Volvo is using sensor technology in innovative ways to create a new generation of safe electric vehicles
With its long-held reputation for setting the standard for automotive safety, Volvo has been developing the technology for keeping its vehicle occupants safe to suit its new range of electric vehicles.
For the forthcoming Volvo EX90 electric flagship SUV to be revealed in November this year, the Swedish car giant is taking its safety standards a step further with the EX90 set to be safer than any Volvo that has come before it.
According to Volvo, it will continue to innovate until cars don’t crash anymore, until it’s 100 per cent carbon free as a company and the EX90 is being lauded as being the start of a new era for Volvo Cars, taking its legacy of safety, quality and innovation into the future.
The company’s aim is to help drivers to be less likely to be distracted and to reduce the risk of a crash happening. The EX90 comes with an invisible shield of safety that includes the latest sensing technology, allowing the car to understand the driver’s state of mind and the world around them.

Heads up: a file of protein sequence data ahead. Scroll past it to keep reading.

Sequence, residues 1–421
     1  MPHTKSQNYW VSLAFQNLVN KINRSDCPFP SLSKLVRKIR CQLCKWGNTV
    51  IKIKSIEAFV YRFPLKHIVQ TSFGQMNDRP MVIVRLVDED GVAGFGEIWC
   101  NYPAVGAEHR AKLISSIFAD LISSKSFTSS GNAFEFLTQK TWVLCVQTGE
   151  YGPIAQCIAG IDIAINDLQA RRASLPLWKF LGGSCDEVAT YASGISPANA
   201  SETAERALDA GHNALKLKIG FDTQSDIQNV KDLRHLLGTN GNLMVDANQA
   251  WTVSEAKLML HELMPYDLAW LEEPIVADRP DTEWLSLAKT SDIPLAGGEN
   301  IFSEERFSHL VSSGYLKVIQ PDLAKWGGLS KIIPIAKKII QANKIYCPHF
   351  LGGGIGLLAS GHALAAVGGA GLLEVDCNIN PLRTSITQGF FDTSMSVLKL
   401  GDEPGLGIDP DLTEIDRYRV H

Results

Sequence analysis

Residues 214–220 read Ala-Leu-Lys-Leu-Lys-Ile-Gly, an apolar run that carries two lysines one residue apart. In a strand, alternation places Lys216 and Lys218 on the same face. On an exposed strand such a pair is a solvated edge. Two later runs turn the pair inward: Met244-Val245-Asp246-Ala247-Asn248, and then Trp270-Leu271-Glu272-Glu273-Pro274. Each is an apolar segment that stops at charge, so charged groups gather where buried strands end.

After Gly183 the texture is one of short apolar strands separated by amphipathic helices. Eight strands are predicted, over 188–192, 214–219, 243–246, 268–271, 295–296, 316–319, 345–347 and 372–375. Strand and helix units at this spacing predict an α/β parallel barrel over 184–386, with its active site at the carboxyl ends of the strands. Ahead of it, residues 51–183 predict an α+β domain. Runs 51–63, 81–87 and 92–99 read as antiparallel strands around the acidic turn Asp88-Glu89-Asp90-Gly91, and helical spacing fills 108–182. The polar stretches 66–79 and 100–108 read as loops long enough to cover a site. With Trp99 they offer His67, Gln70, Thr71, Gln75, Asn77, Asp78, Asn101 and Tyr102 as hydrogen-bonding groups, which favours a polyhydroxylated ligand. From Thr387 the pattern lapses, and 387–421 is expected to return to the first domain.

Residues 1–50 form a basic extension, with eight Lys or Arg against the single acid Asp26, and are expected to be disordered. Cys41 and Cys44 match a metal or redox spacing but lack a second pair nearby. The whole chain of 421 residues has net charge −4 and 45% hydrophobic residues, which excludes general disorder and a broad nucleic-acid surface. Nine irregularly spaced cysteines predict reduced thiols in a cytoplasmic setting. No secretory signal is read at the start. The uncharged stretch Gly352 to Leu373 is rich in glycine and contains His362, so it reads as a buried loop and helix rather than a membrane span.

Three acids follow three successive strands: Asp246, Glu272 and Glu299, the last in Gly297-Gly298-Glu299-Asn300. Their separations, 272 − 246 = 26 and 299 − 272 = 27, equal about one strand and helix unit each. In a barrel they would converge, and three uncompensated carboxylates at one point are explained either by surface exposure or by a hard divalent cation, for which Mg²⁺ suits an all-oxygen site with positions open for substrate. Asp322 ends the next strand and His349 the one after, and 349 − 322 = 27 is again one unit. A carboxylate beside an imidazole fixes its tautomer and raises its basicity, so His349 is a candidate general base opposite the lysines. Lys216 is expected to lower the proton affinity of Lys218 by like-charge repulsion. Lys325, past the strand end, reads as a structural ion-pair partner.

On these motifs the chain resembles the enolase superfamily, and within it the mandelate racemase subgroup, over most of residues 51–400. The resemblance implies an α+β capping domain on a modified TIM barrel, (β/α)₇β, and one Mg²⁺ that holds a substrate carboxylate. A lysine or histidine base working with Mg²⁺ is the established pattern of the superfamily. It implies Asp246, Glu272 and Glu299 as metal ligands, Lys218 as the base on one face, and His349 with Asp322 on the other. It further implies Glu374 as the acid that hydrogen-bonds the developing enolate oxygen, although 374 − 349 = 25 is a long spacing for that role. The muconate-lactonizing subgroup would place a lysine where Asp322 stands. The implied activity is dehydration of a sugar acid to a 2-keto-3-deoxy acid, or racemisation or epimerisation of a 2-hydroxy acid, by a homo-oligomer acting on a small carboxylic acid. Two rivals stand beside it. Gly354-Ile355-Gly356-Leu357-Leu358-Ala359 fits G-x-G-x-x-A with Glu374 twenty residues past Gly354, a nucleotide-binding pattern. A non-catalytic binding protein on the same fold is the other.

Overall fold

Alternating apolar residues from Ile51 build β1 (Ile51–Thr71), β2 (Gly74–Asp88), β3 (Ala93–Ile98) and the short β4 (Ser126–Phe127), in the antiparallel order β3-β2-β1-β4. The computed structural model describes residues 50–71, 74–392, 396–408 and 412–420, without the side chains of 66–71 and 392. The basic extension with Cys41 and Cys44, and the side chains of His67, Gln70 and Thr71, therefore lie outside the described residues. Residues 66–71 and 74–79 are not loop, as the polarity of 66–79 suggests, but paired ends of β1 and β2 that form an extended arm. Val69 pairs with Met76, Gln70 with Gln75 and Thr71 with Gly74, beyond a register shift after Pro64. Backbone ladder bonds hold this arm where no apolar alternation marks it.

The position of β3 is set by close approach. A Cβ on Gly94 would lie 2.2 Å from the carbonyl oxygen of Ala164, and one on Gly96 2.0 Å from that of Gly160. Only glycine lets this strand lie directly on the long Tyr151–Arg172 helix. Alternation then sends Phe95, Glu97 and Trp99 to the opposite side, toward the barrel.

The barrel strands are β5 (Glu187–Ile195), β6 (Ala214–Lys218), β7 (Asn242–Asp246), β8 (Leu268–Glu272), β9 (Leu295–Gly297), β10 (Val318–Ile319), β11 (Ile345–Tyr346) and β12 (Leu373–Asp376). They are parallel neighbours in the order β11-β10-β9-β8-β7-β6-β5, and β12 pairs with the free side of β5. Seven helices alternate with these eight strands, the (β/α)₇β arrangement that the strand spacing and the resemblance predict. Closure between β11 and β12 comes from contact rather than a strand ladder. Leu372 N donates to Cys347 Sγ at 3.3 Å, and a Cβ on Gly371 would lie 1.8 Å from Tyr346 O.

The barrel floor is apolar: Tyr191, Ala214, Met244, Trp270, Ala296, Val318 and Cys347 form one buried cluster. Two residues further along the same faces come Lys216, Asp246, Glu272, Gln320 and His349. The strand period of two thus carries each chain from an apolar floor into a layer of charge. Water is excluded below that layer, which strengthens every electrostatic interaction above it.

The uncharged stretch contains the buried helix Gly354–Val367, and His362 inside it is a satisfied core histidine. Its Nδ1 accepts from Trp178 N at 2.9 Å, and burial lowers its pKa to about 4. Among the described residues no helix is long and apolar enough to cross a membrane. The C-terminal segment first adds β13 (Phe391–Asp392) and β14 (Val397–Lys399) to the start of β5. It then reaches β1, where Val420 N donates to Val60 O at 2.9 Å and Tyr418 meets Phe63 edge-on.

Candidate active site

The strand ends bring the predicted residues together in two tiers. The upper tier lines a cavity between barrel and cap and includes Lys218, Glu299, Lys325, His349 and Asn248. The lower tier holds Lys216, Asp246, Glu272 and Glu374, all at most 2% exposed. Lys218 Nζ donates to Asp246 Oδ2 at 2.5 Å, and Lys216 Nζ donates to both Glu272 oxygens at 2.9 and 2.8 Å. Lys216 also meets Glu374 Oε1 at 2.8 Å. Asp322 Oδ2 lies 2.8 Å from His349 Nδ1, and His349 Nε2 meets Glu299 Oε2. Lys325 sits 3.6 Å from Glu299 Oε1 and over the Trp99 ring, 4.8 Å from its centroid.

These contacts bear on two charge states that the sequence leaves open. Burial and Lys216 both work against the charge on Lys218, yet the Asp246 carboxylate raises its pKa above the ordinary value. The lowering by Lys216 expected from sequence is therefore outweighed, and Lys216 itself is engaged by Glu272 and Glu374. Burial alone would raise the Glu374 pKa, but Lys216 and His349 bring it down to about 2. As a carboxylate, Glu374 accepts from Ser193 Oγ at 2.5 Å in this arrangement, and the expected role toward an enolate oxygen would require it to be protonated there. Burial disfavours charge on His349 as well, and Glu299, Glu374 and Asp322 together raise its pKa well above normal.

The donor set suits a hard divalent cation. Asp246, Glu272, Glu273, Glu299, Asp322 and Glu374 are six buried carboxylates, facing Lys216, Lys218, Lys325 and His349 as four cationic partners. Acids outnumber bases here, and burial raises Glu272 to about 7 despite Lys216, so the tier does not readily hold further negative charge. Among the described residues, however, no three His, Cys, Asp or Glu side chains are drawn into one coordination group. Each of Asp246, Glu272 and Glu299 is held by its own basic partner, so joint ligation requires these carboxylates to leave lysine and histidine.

State-of-the art sensors like cameras, radars and LiDAR, all powered by Volvo’s core computing platform and software, work together to create a 360-degree real-time view of the world.
The sensors are designed to respond and react when required, LiDAR senses the road ahead, whether it’s day or night at normal road speeds. It can see small objects hundreds of metres ahead, creating more time to inform, act and avoid.
And as the EX90 hit the roads and Volvo learns from the data they generate, previous research indicates that the software and sensors can help reduce accidents that result in serious injury or death by up to 20 per cent.
Inside the vehicle, an invisible shield of safety also provides protection. Special sensors and cameras, powered by Volvo’s own-developed algorithms, gauge eye gaze concentration. The technology allows the EX90 to see when the driver is distracted, tired or otherwise inattentive. The software will provide alerts and can even safely stop the vehicle if the alerts aren’t responded to.